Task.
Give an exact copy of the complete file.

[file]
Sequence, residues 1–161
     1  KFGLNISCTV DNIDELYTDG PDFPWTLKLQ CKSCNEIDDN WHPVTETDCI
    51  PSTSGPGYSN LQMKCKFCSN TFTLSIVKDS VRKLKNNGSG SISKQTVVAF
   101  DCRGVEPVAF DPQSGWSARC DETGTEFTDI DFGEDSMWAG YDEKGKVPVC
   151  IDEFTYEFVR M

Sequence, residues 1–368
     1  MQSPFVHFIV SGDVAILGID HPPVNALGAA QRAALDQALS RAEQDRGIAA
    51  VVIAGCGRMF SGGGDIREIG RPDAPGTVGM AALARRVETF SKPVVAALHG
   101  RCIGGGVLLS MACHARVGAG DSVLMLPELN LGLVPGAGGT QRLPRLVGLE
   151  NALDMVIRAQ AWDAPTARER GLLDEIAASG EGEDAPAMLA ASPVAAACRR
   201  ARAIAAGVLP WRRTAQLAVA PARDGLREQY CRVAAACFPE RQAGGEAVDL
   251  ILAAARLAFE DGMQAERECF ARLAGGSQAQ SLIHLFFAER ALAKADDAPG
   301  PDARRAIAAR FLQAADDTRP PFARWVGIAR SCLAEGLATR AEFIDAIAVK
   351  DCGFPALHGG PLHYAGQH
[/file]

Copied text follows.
Sequence, residues 1–161
     1  KFGLNISCTV DNIDELYTDG PDFPWTLKLQ CKSCNEIDDN WHPVTETDCI
    51  PSTSGPGYSN LQMKCKFCSN TFTLSIVKDS VRKLKNNGSG SISKQTVVAF
   101  DCRGVEPVAF DPQSGWSARC DETGTEFTDI DFGEDSMWAG YDEKGKVPVC
   151  IDEFTYEFVR M

Sequence, residues 1–368
     1  MQSPFVHFIV SGDVAILGID HPPVNALGAA QRAALDQALS RAEQDRGIAA
    51  VVIAGCGRMF SGGGDIREIG RPDAPGTVGM AALARRVETF SKPVVAALHG
   101  RCIGGGVLLS MACHARVGAG DSVLMLPELN LGLVPGAGGT QRLPRLVGLE
   151  NALDMVIRAQ AWDAPTARER GLLDEIAASG EGEDAPAMLA ASPVAAACRR
   201  ARAIAAGVLP WRRTAQLAVA PARDGLREQY CRVAAACFPE RQAGGEAVDL
   251  ILAAARLAFE DGMQAERECF ARLAGGSQAQ SLIHLFFAER ALAKADDAPG
   301  PDARRAIAAR FLQAADDTRP PFARWVGIAR SCLAEGLATR AEFIDAIAVK
   351  DCGFPALHGG PLHYAGQH